Burundi visas are required by all nationalities, which can be acquired from local embassies or at Bujumbura airport when arriving from somewhere which has no office or representation. Whenever possible, get a visa before entering the country. The one-month single-entry visa can be renewed at the Police de l’Air, des Frontiéres et des Etrangers if you wish to stay longer.
Health and Safety
A yellow fever certificate is required when you apply for a visa to Burundi. Other immunizations are recommended, including vaccinations for cholera, meningitis and malaria. HIV/AIDS is also prevalent, as well as dysentery and hepatitis E. It is best to have full medical insurance coverage when traveling to Burundi.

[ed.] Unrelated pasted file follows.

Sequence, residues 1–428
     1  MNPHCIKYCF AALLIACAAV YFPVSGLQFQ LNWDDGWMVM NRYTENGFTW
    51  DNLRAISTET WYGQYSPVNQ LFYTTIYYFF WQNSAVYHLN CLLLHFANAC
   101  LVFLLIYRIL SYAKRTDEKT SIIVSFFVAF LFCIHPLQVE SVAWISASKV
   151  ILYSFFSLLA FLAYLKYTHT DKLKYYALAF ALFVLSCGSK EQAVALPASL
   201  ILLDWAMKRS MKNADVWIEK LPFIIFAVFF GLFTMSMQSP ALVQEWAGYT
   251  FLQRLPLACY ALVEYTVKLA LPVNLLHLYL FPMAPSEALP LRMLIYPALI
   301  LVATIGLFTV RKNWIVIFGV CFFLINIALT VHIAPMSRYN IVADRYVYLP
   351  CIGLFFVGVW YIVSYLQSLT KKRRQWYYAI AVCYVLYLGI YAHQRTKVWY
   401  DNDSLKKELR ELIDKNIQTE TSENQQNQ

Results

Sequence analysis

It is generally safe to travel around country, though threats of rebel attacks are still present, even with the country’s transition to democracy in 2005. Armed robbery and petty crimes are also present, and visitors should always exercise caution, especially when traveling after dark. Some areas impose curfew laws and many roads are closed at night. If you need to get around the city, take a taxi instead of walking.